Dengue Fever Outbreak on Easter Island


As of April 29, 2018, 13 cases of dengue fever have been confirmed on Easter Island [1]. The cases are assumed to have been acquired locally, as none of those affected have a history of traveling abroad. The Chilean Ministry of Health has declared a health alert to mobilize resources and work on methods of protection against the dengue vector species, Aedes aegypti. These methods include fumigation, isolation of cases, distribution of mosquito nets and spray, and elimination of hatcheries [1]. So far, all cases have been concentrated in a small area on the island. If more cases arise, the health authority of the island is prepared to do a sweeping fumigation of the whole island [2].


Dengue fever is a mosquito-borne viral infection that presents with flu-like symptoms. Approximately half the world’s population is at risk for the disease, with up to 400 million cases occurring each year. The disease is most prevalent in tropical and subtropical climates. There are four serotypes of the disease (DEN-1, DEN-2, DEN-3, and DEN-4). Humans that recover from infection by one serotype will be immune to that type for the rest of their lives [3]. All Easter Island dengue cases are DEN-1, the least lethal subtype [1].


There is no specific treatment available for dengue fever. Acetaminophen may be used to reduce fever and pain, and increased hydration is recommended to replace fluid loss from vomiting and high fever. Severe cases of dengue may require IV fluid replacement or blood transfusion. Symptoms do not usually last longer than two weeks [4]. Thus, the focus of health authorities is primarily focused on preventing spread of disease.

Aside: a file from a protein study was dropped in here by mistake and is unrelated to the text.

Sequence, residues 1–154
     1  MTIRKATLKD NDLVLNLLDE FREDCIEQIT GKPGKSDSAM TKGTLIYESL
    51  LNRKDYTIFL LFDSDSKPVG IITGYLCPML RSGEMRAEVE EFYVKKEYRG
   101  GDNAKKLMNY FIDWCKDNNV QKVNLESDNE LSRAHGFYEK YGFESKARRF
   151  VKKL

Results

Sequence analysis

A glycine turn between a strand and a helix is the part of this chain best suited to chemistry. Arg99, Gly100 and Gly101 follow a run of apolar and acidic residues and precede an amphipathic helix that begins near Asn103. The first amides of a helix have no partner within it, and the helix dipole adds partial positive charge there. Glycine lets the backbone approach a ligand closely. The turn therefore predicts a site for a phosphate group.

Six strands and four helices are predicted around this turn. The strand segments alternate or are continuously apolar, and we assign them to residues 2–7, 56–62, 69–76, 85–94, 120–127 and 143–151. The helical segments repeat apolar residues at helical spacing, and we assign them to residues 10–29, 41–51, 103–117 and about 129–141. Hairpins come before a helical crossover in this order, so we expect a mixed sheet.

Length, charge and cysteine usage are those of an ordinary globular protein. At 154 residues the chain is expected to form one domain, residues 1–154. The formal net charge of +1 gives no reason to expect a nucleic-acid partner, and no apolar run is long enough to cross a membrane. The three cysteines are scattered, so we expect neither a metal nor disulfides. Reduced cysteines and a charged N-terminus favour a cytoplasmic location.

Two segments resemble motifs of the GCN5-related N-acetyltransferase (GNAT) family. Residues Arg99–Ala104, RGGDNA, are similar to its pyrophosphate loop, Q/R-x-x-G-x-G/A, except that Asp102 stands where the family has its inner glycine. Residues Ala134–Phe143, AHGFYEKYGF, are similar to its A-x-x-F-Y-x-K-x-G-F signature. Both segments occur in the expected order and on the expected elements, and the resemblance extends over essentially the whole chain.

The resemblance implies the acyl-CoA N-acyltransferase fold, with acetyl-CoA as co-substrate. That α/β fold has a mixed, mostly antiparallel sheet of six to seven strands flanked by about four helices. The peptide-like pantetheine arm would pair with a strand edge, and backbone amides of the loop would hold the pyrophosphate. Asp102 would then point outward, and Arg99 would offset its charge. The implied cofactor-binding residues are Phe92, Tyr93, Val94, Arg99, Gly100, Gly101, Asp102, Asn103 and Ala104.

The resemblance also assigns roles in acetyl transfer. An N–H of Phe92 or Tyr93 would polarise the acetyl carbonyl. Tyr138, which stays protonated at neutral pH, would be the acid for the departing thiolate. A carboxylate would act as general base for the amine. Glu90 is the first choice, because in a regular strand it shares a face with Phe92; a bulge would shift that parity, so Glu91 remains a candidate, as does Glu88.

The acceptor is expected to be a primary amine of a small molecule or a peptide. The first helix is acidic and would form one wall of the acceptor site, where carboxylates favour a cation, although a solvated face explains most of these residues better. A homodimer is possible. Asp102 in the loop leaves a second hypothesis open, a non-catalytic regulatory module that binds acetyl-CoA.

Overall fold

The first time dengue was detected on Easter Island was in 2002, and it has reappeared several times in recent years. During the first epidemic in 2002, which was also DEN-1, there were 639 reported cases. However, a predictive model used by researchers at the University of Chile showed that the true number of cases was closer to 3500, about 94% of the population at the time [5]. This suggests that the disease may be heavily underreported, and that the majority of cases were subclinical (not severe enough to report symptoms).


Underreporting and misclassification of dengue is an issue worldwide. There is a large discrepancy between cases reported by academic groups, compared to those reported to the WHO [6]. A study at the University of Notre Dame found that more than 80 percent of individuals with dengue have mild to no symptoms and have not sought treatment from a physician [7]. These individuals are contributing the most to the spread of the disease. Researchers suggest a shift towards prevention strategies that do not rely on responding to detected cases [7]. In this regard, Easter Island seems to be on the right track.











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